In Djibouti, Life Moves to the Beat of Khat

Djiboutians spend far much time idly chewing khat in a hypnotic daze. Djibouti khat chewing and addiction,
Khat (qat) is a highly addictive stimulant originating from Ethiopia. It’s the 4th largest export for that country and Djibouti is one of the heavy consumers. Almost all Djiboutians including the President and his entire cabinet are addicted to this drug. They spend far much time idly chewing it in a hypnotic daze. It’s been land locked Ethiopia’s most effective leverage against Djibouti. A momentary freeze on supply can bring the government down. Simply put, Djiboutians can’t breeze with out Khat.

By Josh Wood,

ACROSS the world, the rhythm of the day is determined by different things: the nine-to-five grind of financial hubs, the intervention of the afternoon siesta in some hotter reaches and the cycle of prayers in parts of the Islamic world.

Djibouti moves to a different cadence. Djibouti moves to khat (aka Qat).

In this sweltering Horn of Africa country where seemingly nothing is on time or precise, khat – a flowering plant chewed as an amphetamine-like stimulant in east Africa and Yemen – is the exception.

Nema sells qat from a rickety wooden table on Djibouti’s Airport Road. A tattered umbrella shields her from the sun and a hessian sack keeps the dust from the street off her valuable product.

Fallen teardrop-shaped leaves littering the ground around her stand are greedily nibbled on by a goat.

She asks that her surname not be used, saying that if the nationally worshipped drug appears in a negative light she could face repercussions.

Every day, Nema’s khat shipment arrives at 8.30am. In less than 12 hours, all of her merchandise are gone.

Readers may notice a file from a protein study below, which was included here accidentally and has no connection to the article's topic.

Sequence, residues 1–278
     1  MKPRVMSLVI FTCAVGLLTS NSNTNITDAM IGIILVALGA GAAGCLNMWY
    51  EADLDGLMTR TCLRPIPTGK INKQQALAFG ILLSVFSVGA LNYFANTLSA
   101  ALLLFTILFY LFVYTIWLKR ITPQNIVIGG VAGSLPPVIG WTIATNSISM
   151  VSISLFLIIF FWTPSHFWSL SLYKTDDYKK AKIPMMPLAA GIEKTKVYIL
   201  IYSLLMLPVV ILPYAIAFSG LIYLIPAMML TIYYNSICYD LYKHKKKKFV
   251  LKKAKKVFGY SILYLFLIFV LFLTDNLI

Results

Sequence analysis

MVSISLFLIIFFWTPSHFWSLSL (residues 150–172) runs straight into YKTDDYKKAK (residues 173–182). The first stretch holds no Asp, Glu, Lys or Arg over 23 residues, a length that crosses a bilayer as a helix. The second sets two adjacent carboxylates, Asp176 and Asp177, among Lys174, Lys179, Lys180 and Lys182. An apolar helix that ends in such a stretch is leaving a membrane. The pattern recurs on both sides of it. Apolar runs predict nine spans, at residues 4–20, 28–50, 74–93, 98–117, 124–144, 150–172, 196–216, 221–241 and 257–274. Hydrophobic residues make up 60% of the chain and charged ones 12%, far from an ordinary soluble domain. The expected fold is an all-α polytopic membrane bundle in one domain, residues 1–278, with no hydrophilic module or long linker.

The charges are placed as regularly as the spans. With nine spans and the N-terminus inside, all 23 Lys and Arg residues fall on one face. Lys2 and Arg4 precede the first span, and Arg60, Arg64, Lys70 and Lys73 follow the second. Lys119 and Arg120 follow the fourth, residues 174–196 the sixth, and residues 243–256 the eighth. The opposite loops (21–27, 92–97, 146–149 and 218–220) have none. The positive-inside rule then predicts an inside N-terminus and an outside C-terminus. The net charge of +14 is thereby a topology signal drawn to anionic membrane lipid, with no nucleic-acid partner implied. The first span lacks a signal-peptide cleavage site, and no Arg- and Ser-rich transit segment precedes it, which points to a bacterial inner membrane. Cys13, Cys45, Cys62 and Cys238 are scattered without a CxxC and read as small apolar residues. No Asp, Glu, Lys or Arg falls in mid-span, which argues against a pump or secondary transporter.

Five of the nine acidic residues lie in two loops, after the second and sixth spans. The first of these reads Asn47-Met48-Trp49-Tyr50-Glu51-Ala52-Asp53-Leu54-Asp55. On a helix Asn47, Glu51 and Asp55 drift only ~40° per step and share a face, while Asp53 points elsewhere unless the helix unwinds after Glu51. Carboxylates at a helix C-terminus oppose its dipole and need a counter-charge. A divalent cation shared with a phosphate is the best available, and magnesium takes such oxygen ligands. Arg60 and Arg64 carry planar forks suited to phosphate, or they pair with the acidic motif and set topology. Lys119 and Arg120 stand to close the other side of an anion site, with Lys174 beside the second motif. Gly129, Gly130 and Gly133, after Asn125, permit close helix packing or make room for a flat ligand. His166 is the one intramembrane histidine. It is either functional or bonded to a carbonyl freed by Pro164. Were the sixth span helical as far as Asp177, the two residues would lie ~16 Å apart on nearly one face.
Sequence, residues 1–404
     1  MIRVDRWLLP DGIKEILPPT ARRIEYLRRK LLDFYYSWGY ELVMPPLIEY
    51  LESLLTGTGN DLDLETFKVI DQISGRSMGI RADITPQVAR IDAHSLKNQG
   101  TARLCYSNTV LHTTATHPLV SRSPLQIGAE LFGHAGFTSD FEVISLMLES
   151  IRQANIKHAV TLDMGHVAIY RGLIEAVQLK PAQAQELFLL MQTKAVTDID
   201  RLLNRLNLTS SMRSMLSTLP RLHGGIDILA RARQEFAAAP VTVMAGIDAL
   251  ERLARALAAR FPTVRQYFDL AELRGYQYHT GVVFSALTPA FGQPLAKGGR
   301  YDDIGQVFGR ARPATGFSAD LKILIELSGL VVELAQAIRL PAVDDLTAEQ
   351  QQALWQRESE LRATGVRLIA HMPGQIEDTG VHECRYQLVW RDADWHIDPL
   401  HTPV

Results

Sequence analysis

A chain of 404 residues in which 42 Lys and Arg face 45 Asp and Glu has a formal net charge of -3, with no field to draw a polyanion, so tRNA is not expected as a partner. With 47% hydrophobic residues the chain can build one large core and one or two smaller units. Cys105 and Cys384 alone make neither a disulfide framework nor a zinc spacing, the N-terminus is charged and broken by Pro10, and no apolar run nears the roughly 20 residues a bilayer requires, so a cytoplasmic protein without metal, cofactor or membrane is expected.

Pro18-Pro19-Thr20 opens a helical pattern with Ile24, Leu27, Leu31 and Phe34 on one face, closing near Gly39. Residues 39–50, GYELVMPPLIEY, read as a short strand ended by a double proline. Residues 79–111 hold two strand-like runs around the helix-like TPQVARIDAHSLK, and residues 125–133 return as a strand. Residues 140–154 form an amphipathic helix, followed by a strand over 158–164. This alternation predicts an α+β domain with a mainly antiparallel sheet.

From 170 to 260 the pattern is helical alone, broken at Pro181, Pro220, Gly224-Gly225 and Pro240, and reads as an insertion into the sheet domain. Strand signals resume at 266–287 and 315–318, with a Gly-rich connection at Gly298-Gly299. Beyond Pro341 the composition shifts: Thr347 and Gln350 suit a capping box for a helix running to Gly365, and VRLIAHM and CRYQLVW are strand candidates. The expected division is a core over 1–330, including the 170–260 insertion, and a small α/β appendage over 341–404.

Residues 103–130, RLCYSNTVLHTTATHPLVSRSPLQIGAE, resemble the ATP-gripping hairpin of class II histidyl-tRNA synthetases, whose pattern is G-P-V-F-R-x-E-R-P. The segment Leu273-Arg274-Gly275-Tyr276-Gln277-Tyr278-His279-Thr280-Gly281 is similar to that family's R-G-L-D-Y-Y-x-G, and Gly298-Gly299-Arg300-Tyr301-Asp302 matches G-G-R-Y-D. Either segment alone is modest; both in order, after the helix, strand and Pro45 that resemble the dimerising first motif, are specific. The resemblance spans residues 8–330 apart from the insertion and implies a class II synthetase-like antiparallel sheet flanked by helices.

“I sell everything by the end of the day, but how quickly depends on the pockets of the customers,” she says. “When I leave this place I have nothing left on my table.”

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The bundles of khat Nema sells run between 300 and 5,000 Djiboutian francs (Dh6 and Dh100). Buyers examine bundles, searching for stems with purple tinges and leaves that are juicy and not brittle.

Nema says she does not pay attention to the weight of the qat she receives, or how many bundles she gets. All she knows is that at the end of the day it is all gone and she has sold between 40,000 and 50,000 francs worth of product.

In a country with a GDP per capita not much higher than Yemen and India, the daily khat consumption takes a serious bite out of users’ wallets.

When users cannot afford their habit, they open a line of credit with qat sellers. But if their tab goes unpaid too long, the sellers take action.

Nema says her first course of action is to talk to the buyers and their employers. If that does not work, she goes to the court. The khat sellers say the courts can force users’ employers to withhold part of their salary every month and hand it directly to the sellers, ensuring their employees can still chew and be content and the dealers will get their money.